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April 2010 | Return to issue home
Jeanette Dorner, Restoring Salmon for the Nisqually Tribe
As the salmon recovery program manager for the Nisqually Tribe, Jeanette Dorner, ’99, is leading the effort to recover salmon and restore habitat in the Nisqually River Watershed. Dorner bridges the gap between the technical and policy worlds of fisheries and restoration ecology, working with the public, natural resource managers and scientists to develop and implement a strategic plan to restore and protect salmon habitat along the Nisqually River corridor, from Mount Rainier to Puget Sound.
Dorner’s work in salmon recovery began while a student at SFR when she was working toward her master’s degree in restoration ecology. As coordinator for the restoration of Muck Creek in Roy, Wash., she worked with volunteers and partner agencies to remove grass from the creek bed and plant trees and native shrubs on the shore. Their work allowed salmon to swim upstream once again and gave Roy its first salmon run in more than 50 years.
Of her work with the Nisqually Tribe, Dorner says, "The river has been a tribal cultural resource for thousands of years. The tribe has successfully protected its legal right under treaty to fish in the Northwest. Now we are restoring this watershed to ensure that there will be salmon plentiful enough to fish today and in future generations."
Restoration projects the tribe has made possible through working with its partners in the watershed have included building logjams to increase in-stream habitat diversity, removing dikes that were impeding the flow of saltwater in the Nisqually Estuary, removing culverts that were barriers to salmon migration, returning dead salmon to the waters to provide nutrients for younger salmon and nearby vegetation and planting trees along priority salmon streams. The work is supported by funds from federal, state and nonprofit grantors.
Specific projects in recent years have included building engineered logjams in the Mashel River, the Nisqually’s largest tributary. The logjams help restore spawning habitat and resting and hiding places for Chinook salmon by recreating the deeper pools lost due to past activities like channelizing the river and removing fallen trees from the water during logging operations. "The Mashel project is a collaborative effort with the South Puget Sound Enhancement Group," says Dorner, "and a good example of our partnership with regional organizations with similar restoration and conservation goals."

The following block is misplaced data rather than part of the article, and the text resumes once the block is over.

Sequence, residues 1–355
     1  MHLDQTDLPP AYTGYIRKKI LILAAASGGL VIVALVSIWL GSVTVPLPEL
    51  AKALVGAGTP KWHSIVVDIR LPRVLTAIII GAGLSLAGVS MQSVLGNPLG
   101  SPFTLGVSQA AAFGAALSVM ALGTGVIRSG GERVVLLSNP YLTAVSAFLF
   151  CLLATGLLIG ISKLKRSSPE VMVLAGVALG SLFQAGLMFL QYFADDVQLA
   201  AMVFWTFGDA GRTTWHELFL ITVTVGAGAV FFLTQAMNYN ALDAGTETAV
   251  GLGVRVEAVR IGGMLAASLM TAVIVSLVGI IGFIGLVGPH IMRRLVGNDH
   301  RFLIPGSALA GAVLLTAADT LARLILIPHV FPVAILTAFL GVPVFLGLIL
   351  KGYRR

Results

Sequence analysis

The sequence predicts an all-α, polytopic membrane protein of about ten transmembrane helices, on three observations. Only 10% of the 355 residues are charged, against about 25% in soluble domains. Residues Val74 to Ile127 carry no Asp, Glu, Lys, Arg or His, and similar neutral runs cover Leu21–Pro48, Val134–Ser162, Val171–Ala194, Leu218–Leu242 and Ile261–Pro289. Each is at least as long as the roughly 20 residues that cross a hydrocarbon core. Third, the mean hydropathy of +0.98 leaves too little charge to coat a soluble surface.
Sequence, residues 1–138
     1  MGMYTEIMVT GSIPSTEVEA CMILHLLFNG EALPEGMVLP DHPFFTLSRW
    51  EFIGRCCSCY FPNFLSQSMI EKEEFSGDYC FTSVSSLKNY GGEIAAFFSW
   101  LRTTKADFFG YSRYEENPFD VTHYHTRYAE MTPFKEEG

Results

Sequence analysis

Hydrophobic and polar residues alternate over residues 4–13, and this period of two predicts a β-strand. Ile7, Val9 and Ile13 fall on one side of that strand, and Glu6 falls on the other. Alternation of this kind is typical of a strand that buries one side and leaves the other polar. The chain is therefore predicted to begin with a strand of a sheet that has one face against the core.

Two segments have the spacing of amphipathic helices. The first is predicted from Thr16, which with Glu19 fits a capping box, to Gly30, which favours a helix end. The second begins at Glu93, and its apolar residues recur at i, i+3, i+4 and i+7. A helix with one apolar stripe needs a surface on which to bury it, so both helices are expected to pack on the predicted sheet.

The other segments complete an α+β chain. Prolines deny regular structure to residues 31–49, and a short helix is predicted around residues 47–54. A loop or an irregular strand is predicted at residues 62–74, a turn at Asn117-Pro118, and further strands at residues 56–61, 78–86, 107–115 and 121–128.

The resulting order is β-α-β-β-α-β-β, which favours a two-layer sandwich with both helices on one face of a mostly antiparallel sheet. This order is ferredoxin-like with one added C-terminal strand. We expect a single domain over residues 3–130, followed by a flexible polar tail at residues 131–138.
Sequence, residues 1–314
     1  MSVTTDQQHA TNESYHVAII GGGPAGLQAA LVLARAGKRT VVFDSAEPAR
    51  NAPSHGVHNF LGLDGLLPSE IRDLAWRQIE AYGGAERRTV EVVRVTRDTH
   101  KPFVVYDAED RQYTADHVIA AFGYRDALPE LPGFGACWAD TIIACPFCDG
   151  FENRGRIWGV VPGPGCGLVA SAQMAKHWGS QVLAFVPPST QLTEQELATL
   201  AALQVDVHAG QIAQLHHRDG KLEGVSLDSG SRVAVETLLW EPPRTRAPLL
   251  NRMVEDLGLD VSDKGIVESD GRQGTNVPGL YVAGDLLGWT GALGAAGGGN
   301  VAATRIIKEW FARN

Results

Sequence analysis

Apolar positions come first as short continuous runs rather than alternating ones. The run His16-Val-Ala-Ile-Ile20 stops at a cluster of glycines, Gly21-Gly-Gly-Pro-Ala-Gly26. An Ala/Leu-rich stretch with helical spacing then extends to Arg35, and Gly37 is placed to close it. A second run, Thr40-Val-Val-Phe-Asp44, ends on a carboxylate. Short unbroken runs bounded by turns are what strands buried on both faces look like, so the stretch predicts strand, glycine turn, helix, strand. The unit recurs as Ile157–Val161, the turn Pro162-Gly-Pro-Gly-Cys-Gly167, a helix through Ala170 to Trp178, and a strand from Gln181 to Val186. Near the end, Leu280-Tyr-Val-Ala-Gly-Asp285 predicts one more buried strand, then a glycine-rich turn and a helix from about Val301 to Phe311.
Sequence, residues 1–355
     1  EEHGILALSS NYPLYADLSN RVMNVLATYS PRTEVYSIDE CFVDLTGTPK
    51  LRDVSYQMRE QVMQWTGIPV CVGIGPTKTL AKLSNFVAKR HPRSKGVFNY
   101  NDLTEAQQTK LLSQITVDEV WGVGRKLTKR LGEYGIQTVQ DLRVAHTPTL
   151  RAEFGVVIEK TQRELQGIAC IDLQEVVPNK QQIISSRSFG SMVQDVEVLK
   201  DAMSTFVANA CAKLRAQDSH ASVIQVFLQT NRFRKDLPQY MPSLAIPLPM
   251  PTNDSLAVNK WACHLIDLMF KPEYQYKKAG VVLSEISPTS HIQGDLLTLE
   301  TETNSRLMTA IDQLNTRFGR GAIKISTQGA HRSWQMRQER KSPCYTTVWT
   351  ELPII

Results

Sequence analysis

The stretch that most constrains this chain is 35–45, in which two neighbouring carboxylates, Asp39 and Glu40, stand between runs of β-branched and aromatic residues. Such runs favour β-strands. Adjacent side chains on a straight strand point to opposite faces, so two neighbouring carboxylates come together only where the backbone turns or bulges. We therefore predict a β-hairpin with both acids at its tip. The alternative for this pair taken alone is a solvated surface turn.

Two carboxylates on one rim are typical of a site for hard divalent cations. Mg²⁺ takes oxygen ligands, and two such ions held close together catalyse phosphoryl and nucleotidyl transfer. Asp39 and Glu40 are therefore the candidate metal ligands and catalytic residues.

Another partnership project with U.S. Fish and Wildlife Service and Ducks Unlimited, completed last fall, involved removing dikes from the Nisqually National Wildlife Refuge to restore the Nisqually estuary—a rich biological ecosystem that provides habitat for hundreds of species of aquatic plants, invertebrates, fish and sea birds. Most of the delta was blocked with manmade dikes more than 100 years ago to keep the tide out and create farmland; removing the dikes has reconnected 762 acres of salt marsh and mudflats and 21 miles of tidal channels with the South Sound tides. This project complements and builds on the work that the tribe previously completed to restore another 140 acres of estuary on tribally owned land.Dorner, a graduate of Landmark Education’s Team Management Leadership Program, serves on the Pierce County Surface Water Advisory board and was also recently elected to the Pierce Conservation District’s volunteer Board of Supervisors. The mother of a six-year-old and a six-month-old, Dorner says, "I got my feet wet in the restoration world as a volunteer with the district’s Stream Team back in 1996. I want to work with the district to help insure that when my children grow up they will still be able to buy food from a local farm and take their children to see salmon swimming in the stream."
April 2010 | Return to issue home